I am conflicted by this farm safety story. It is great to see a farmer talking about the impact on him of a death on his farm. It is rare and important that stories accompany these deaths. They humanise them and move people to action. This farmer needs to keep doing this work – speaking up about his story and supporting change. But his message is mixed and while I run the risk of shutting up others for trying, there is a tougher lens that needs to be put on the stories told by the industry, and my worry is that because the farming safety discussion is so dominated by the farmers (in a non-unionised sector), some of the tough issues get washed over.
Half the workplace deaths in NZ last year were in agriculture. Already this year the toll has been massive. Every week someone is seriously hurt or killed. Virtually no one is prosecuted. Federated Farmers vehemently advocate no prosecutions and lobby without principle in my view when Worksafe do take any form of enforcement action. Recent made up stories by MP Chester Burrow about farm safety enforcement action lead the front page of the Whanganui Chronicle. A quick OIA to Worksafe proved Mr Burrows was doing the farmers dirty bidding and instead of calling him on his attempts to undermine Worksafes good work, the Chronicle allowed him to continue his campaign.
So what about this story. Its a multi-farm business. The farmer himself says that the farm had no health and safety policies but had invested in some helmets and chainsaw chaps. The helmets were not regularly being worn and he was aware of that including from a previous serious near miss. The farmer concludes he had done just enough to avoid prosecution – but that he should have documented staff refusal to wear a helmet to be sure that in todays climate he would still be safe from charges. But in reality what had he done? The second quad accident in months – both related to head injuries from lack of a helmet? What had he done to avoid prosecution in an industry out of control in regards to injuries. Surely buying the helmets is not taking all practicable steps?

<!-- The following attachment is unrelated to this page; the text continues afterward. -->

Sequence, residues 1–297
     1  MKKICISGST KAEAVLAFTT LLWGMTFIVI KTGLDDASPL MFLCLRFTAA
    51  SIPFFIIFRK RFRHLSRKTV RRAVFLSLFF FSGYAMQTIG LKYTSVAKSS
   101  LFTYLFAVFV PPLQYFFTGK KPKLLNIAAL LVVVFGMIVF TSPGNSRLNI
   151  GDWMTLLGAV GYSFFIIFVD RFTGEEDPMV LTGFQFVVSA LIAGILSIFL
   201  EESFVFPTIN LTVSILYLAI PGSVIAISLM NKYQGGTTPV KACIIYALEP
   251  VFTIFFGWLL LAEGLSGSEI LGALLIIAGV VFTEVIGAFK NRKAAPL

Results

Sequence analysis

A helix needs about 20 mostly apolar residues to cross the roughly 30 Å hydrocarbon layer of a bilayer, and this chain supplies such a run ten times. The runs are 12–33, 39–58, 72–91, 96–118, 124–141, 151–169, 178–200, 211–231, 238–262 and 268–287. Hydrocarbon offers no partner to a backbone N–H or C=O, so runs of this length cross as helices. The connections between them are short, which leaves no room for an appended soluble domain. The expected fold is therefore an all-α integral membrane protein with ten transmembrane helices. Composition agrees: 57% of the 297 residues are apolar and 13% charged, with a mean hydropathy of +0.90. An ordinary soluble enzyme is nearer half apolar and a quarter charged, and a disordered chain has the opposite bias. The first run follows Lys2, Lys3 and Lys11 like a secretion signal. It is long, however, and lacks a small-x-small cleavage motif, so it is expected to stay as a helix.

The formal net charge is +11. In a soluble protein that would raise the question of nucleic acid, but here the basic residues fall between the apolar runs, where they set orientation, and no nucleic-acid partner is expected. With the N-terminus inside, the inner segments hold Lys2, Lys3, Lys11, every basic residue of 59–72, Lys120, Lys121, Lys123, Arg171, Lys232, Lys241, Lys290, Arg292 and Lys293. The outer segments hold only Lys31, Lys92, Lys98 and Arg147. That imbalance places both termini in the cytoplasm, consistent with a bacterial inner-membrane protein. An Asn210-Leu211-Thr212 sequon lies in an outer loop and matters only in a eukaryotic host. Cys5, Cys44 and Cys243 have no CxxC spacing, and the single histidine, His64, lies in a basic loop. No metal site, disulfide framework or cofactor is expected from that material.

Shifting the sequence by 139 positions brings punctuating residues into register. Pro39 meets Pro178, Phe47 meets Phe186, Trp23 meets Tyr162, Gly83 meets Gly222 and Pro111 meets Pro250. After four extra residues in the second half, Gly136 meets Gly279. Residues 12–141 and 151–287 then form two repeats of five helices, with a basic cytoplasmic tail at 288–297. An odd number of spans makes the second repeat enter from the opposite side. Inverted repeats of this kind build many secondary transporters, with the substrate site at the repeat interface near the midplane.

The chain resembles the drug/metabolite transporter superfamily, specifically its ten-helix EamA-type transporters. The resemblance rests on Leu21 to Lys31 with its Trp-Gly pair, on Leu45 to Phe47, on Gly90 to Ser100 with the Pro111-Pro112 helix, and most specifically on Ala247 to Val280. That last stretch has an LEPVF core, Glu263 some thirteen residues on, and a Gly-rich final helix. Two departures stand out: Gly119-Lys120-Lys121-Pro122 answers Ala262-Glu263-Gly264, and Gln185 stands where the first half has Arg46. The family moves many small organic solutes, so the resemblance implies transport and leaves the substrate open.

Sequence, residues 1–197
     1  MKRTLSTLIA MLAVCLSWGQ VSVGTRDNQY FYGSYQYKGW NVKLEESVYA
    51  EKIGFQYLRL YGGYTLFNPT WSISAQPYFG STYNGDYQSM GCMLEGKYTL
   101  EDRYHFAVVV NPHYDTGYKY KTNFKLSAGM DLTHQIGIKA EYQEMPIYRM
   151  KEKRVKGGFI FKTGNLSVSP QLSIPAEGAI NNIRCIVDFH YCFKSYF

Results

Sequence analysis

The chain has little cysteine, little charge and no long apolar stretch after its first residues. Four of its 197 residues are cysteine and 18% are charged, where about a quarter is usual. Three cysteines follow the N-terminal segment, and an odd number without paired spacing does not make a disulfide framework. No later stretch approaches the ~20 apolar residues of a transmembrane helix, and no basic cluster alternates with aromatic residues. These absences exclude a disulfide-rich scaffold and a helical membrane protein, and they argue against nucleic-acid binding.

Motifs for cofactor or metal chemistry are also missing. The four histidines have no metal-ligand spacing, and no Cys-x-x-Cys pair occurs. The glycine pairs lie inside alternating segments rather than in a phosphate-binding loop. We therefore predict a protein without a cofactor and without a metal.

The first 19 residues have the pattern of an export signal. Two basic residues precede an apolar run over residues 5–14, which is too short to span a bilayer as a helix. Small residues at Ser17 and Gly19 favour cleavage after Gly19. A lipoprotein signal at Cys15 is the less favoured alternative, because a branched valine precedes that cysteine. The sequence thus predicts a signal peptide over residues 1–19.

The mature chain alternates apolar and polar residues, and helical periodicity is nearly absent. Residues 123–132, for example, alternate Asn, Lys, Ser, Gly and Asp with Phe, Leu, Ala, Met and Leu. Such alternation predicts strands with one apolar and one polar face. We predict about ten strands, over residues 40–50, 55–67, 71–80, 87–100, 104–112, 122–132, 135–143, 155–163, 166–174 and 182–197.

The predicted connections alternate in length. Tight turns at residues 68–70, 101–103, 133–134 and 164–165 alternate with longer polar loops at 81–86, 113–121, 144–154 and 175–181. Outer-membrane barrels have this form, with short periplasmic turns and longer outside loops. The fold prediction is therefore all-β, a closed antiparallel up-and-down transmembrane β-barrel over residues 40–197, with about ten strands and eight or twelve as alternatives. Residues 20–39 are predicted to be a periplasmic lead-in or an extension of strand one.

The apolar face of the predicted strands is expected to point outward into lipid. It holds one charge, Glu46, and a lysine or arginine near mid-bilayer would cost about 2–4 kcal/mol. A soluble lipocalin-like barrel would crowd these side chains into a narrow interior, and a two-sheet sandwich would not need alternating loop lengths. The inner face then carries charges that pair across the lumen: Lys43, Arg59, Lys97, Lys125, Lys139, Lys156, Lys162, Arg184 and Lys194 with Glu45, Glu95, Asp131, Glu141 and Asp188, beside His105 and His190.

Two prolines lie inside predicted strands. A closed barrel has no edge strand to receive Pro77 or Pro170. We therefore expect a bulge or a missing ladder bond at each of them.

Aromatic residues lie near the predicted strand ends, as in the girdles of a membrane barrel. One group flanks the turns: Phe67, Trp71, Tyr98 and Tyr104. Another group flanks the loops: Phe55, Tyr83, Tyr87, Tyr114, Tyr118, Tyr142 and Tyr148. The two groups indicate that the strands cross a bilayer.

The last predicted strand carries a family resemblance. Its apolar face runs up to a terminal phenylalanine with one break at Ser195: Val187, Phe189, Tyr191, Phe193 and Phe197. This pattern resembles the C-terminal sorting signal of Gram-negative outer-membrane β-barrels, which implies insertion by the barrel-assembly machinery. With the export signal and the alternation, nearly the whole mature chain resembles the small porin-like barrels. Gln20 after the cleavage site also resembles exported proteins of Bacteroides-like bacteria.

Of the hundreds and hundreds of accidents on farms in the last few years, there have been fewer than 10 sets of charges laid, and the accident rate is increasing. As the Pike inquiry showed – enforcement is an important part of the system, and has been largely absent, contributing to an appalling record across NZ. The reality is, this farmer had not done enough to avoid prosecution – but he was not prosecuted regardless. The farmer rightly laments how hard it is to change the farm safety culture – but why is that. Maybe we can look at forestry, where over 300 enforcement actions have now been taken by Worksafe in one year, where prosecutions now appear to be part of the mix, where education and support continues to be part of the package, and where workers now are beginning to have an expectation and demand that they be kept safe, the accident rate is reducing dramatically and cultural change is slowly occurring.
The NZCTU is stepping more and more into this area of health and safety. We don’t trust the farmers to do it themselves. Like forest owners and contractors – there has to be a push and pull and we hold the role of speaking up for workers and families in this country -even where the law conspires to ensure union membership protection is not available to them. We are now looking at a recent death with a view to ensuring enforcement action occurs – Worksafe hopefully will beat us to it, but if not – its time to push culture change from up the chain.